I fear that Giles Fraser is proud of his “inclusive” and relativist agenda, but the reality is he ought to be ashamed of himself.  It is pretty obvious that people in this country lack an understanding of what it means to be a Christian and the likes of Fraser, pushing an “anything goes” attitude rather than having the guts to stand up and proclaim the Christian message must surely take some responsibility for that.

Of course, people have a right to choose what they believe.  But as well as a right to self-identification they have a right to know the facts and an understanding of what people believe and why.

 

Wednesday, February 15, 2012

The ugly duck(ling) billed platypus

As a transport researcher, I have to accept that my job is not going to add to my sex appeal.  The fact that I spent some of Valentine’s Day reading about concrete probably says something, as does the fact that one of the more interesting things I was given was a National Rail Timetable (on loan for my work, I hasten to add, not as a romantic gesture).

Yet, despite this, it is not unusual for some forms of transport to be described as “sexy.”  By normal people, too, not just geeks.  I’d almost be prepared to bet that at least one of you (all 11 of you who read this) has described a car as “sexy.”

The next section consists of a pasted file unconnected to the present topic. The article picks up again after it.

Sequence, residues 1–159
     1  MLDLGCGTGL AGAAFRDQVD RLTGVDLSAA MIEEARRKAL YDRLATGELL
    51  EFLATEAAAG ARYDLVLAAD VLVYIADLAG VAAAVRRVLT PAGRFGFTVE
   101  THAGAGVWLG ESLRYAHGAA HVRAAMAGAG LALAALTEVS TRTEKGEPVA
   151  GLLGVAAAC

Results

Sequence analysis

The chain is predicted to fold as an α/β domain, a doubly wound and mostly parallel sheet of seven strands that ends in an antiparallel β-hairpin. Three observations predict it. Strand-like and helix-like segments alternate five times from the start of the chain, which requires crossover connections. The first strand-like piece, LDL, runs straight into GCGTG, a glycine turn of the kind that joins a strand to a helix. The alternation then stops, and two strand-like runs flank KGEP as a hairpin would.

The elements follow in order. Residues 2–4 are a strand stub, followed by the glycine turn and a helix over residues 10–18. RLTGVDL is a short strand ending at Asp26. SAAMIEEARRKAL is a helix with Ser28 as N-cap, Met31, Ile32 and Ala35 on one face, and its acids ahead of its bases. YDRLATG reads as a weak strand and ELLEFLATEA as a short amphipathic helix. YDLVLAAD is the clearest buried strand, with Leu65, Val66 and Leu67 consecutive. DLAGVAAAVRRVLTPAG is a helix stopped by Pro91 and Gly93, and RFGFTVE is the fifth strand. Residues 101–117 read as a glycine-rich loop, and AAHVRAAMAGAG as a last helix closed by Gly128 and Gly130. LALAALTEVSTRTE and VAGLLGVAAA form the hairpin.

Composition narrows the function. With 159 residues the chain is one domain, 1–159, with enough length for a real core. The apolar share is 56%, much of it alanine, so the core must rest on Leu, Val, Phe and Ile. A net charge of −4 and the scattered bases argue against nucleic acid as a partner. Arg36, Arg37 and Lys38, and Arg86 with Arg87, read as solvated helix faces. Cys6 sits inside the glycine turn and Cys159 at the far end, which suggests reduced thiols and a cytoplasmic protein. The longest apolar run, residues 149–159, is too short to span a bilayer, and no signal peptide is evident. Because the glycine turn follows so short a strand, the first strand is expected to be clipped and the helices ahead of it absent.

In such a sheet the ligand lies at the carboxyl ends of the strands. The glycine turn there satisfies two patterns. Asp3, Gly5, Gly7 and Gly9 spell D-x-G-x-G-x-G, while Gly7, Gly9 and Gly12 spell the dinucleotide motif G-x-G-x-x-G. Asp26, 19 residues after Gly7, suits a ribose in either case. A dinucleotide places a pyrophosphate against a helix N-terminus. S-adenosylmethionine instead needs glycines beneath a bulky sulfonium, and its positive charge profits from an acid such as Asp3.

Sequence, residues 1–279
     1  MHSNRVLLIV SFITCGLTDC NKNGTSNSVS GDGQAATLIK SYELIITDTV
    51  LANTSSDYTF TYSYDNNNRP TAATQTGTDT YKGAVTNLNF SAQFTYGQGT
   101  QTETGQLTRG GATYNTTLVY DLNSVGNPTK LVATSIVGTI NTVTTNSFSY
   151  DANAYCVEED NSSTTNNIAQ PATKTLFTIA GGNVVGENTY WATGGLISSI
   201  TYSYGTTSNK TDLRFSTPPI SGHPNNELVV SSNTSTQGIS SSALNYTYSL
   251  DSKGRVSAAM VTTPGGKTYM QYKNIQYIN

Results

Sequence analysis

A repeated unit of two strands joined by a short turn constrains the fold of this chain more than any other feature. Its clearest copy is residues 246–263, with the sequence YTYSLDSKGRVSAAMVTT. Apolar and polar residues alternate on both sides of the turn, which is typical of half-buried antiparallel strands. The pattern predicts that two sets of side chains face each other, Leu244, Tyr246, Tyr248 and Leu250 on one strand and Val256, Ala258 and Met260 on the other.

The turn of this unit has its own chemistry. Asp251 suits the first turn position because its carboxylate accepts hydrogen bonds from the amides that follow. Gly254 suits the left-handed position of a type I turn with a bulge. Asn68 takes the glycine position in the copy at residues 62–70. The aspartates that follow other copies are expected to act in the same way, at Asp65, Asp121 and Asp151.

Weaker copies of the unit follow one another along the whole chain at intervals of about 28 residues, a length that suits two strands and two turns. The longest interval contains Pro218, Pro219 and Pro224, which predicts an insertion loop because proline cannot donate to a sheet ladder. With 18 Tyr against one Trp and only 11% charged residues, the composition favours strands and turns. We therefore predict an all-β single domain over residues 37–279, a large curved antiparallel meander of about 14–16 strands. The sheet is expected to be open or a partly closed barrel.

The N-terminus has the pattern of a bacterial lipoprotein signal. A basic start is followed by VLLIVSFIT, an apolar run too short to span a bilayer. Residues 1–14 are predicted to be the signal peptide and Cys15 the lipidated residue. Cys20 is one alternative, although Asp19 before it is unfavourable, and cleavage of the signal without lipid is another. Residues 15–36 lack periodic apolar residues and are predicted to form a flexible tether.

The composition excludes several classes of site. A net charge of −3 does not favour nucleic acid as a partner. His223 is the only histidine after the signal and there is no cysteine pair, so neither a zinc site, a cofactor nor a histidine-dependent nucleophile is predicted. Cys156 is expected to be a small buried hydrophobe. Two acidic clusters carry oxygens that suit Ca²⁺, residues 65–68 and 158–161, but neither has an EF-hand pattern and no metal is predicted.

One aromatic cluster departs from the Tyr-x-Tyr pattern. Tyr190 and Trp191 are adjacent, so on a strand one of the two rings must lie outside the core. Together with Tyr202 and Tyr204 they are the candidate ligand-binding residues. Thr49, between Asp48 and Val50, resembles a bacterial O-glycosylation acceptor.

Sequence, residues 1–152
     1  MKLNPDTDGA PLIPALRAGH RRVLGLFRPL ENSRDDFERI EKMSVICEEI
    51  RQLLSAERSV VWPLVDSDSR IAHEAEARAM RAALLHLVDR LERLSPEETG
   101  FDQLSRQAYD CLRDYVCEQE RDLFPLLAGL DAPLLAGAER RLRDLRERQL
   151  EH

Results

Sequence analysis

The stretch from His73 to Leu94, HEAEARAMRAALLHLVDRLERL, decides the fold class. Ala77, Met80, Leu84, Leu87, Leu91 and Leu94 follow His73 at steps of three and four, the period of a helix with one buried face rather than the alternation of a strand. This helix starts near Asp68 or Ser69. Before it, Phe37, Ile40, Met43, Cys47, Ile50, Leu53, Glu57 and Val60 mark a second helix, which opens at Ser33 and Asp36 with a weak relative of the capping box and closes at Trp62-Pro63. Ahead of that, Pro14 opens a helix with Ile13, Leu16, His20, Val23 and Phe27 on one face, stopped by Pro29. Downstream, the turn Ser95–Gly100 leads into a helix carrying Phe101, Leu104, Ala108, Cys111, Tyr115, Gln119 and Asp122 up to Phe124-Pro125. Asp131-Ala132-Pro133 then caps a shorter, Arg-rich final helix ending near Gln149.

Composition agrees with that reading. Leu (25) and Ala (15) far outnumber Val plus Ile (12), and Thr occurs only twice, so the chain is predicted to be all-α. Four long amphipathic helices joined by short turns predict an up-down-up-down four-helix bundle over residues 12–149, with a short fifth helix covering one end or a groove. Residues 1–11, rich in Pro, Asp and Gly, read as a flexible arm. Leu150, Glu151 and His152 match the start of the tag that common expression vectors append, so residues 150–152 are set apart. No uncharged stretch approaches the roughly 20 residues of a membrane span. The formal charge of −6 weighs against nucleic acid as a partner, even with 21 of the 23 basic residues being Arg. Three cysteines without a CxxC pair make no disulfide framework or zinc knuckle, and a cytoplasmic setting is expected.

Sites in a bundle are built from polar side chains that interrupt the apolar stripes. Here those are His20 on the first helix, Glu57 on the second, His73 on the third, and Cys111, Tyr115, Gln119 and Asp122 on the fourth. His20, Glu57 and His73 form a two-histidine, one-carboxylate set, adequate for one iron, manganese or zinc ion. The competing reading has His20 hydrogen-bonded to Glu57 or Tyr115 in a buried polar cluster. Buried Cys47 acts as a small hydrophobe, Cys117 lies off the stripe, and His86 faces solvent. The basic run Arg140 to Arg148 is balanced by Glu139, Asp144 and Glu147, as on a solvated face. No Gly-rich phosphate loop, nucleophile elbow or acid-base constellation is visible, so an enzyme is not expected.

Believe it or not, High Speed Trains can apparently be sexy as well - I guess it’s all relative.  There is an article here entitled High Speed Trains as Sexy as Fast Cars, although as it comes from TreeHugger.com I’m not sure that I can suggest that it’s normal.  I’m also assuming that the writer had not been exposed to this:

My eyes!

Tuesday, February 07, 2012

Lamenting the good old C of E

For those of you who know me, or who have been long-term visitors to this Corner of the Blogosphere, you will probably know that I am a Christian.  You may also know that although I don’t care much for denominational division that I usually attend an Anglican church.

There is lots which is good about the Anglican church.  Personally, I like the breadth of styles it encompasses, the structure of some of the liturgy it offers and the fact that a lot of Anglican churches are at the heart of communities.  People relate easily to them, even if it’s just for weddings and funerals and the odd Christmas sing-song and the opportunities to share the Christian message and make a positive difference to those communities are theoretically huge.